Six Reasons You Might Dig The Unnoticeables

The Unnoticeables by Robert Brockway has something for everyone, and would probably make a great television series. It takes place in two different time periods with two different protagonists (who eventually meet up), and has a great sci-fi/urban fantasy mesh that’s really hard to define, but really fun to piece together. Do you like poking fun at Hollywood? How about the desolation of punk culture in the 1970s? Do you like creepy, soul-sucking beings? (Who doesn’t, really.) Humor and horror? And why did the book make me think of Xena: Warrior Princess? Here are just a few things you might enjoy from The Unnoticeables.

(Minor spoilers for the book below.)

 

The Unnoticeables by Robert Brockawat1. Awesome Stunt Woman

The main character from present day (or 2013, to be more precise) in The Unnoticeables is Kaitlyn, who happens to be a Hollywood stunt woman. Or, she’s trying to be. She’s going through a dry patch at work (and waiting tables and being the world’s worst bartender in the meantime—sour mix, really?), but her abilities are what make her place in the story so exciting. After all, who has the true ability to be an action hero in their real life? Not the actor who plays a character, but the person responsible for taking every hit and fall on a set. And she can drive motorcycles like a boss, too. If you’re a fan of the women who bring characters like Wonder Woman, Black Widow, and Furiosa to life, Kaitlyn is reason enough to pick up the book.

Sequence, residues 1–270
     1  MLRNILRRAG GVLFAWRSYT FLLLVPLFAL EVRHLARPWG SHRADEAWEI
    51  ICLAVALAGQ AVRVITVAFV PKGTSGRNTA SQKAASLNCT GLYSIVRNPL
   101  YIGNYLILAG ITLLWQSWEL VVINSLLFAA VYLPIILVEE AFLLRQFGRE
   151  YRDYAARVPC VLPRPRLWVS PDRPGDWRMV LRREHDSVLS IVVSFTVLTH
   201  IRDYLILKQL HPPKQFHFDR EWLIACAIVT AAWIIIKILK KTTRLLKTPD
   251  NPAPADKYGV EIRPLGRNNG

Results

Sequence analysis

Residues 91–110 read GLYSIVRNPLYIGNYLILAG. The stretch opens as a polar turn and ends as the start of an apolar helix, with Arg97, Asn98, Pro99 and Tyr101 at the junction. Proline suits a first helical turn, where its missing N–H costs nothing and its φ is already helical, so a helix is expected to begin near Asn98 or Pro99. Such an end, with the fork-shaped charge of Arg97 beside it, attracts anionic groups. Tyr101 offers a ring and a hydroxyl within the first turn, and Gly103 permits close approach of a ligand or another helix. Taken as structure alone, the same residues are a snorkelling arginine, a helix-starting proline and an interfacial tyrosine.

Did I mention that two characters describe her as a Buffy-meets-early-days-Linda-Hamilton sort of woman? Yeah, I’m pretty sure that’s one of the dictionary definitions of “cool.”

 

Patrick Bateman, American Psycho

2. You’re Not Paranoid—They Really Are Out to Get You

Do you like stories about how our paranoia sometimes plays out into real-life nightmares? Not like “the moon landing wasn’t real” or “Area 51 has a city’s worth of aliens milling around it” kind of paranoia, but the kind where you wonder if the person who smiles too much at you in the elevator might secretly be a serial killer?

They probably are. Not in the way you think, of course. It’s a bit more monstrous than plain-old Silence of the Lambs-esque murder. Basically, don’t trust people you meet at film industry parties. Or concert venues. We all know that, right?

 

The Sex Pistols

3. The Wonderful World of Nihilism and Punk Rock

Fan of the Sex Pistols, or any of the premiere punk acts of the 70s? Maybe you weren’t into the music itself, but more into the safety-pins-as-jewelry/let’s-get-messed-up/I-like-glue-in-my-hair part? Carey—our humble protagonist in the 1977 part of the novel—is a punk living in New York City with a cadre of friends who can afford beer and not much else. This look back on youth culture in the late 70s is incredibly vibrant, thanks in part to the author’s personal experience (as it says in the dedication). The cultural code, the nicknames and fashion, the lack of direction and sense of malcontent is all here in its filthy glory. From a subculture that pushed back against the naiveté of the swinging sixties, it’s a great window into a time and place not so far behind us.